World

EU ministers expected to beef up anti-terrorism measures, including passport checks

  • FILE - In this Jan. 8, 2015 file photo French riot officers patrol in Longpont, north of Paris, France. EU interior ministers meeting in Brussels on Thursday, March 12, 2015, were to be asked to decide that the passports of everyone leaving or entering the 26-nation Schengen area should be checked against databases to ensure they are not stolen, forged or void. The EU made fighting terrorism a top priority after the Jan. 7-9 attacks in Paris that claimed 17 victims. (AP Photo/Thibault Camus, File)

    FILE - In this Jan. 8, 2015 file photo French riot officers patrol in Longpont, north of Paris, France. EU interior ministers meeting in Brussels on Thursday, March 12, 2015, were to be asked to decide that the passports of everyone leaving or entering the 26-nation Schengen area should be checked against databases to ensure they are not stolen, forged or void. The EU made fighting terrorism a top priority after the Jan. 7-9 attacks in Paris that claimed 17 victims. (AP Photo/Thibault Camus, File)  (The Associated Press)

  • FILE - In this Feb. 15, 2015 file photo a police investigator works at the scene of a shooting at a free speech event in Copenhagen. EU interior ministers meeting in Brussels on Thursday, March 12, 2015, were to be asked to decide that the passports of everyone leaving or entering the 26-nation Schengen area should be checked against databases to ensure they are not stolen, forged or void. The EU made fighting terrorism a top priority after the Jan. 7-9 attacks in Paris that claimed 17 victims. (AP Photo/Polfoto, Jens Dresling, File) DENMARK OUT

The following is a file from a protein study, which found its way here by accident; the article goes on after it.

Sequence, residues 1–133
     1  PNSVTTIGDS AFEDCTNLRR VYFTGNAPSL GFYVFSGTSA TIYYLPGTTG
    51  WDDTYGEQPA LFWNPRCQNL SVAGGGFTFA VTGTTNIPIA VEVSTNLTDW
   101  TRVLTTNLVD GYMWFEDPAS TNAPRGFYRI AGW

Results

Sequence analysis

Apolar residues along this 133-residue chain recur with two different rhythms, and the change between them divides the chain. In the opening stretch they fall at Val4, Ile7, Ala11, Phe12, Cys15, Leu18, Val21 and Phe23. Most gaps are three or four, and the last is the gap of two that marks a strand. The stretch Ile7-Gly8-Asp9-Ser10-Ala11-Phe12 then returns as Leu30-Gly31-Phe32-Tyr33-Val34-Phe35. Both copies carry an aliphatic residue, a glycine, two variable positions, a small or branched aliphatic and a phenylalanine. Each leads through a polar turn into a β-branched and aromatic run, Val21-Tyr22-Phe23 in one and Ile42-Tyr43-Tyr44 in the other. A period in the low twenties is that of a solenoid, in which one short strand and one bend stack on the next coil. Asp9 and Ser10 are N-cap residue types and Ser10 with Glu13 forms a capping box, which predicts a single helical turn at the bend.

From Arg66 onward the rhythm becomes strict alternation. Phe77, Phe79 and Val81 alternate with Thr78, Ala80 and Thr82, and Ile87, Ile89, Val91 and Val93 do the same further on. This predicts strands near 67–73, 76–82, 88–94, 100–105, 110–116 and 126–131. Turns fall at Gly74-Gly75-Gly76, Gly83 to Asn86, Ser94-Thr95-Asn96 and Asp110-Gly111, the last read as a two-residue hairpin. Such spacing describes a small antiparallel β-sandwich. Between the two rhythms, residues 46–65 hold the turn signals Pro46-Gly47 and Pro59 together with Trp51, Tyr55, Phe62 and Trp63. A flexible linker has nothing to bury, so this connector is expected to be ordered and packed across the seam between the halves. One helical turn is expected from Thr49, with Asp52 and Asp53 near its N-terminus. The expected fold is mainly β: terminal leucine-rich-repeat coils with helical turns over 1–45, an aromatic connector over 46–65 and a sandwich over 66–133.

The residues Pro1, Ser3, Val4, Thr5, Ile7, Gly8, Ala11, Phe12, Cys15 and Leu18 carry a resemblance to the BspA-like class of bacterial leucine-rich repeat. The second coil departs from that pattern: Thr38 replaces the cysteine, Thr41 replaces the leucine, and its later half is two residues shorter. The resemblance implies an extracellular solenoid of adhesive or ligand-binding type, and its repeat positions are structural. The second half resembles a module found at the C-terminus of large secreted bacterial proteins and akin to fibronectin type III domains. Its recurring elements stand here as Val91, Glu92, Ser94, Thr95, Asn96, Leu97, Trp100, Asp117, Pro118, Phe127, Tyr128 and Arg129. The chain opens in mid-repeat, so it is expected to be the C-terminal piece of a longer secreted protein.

FILE - In this Feb. 15, 2015 file photo a police investigator works at the scene of a shooting at a free speech event in Copenhagen. EU interior ministers meeting in Brussels on Thursday, March 12, 2015, were to be asked to decide that the passports of everyone leaving or entering the 26-nation Schengen area should be checked against databases to ensure they are not stolen, forged or void. The EU made fighting terrorism a top priority after the Jan. 7-9 attacks in Paris that claimed 17 victims. (AP Photo/Polfoto, Jens Dresling, File) DENMARK OUT  (The Associated Press)

Top European Union law enforcement officials are expected to agree on some quick fixes to make it tougher for terrorism suspects to travel abroad or return home unimpeded.

EU interior ministers, meeting Thursday in Brussels, are being asked to decide that the passports of everyone leaving or entering the 26-nation Schengen area should be checked against databases to ensure they are not stolen, forged or void.

The ministers are also expected to agree that individual travelers should be subjected to special scrutiny if they meet high-risk criteria that are still to be formulated.

The EU made fighting terrorism a top priority after the January attacks in Paris that claimed 17 victims. Latvia's interior minister, Rihards Kozlovskis, said Thursday that "terrorism still remains one of the biggest threats for our citizens."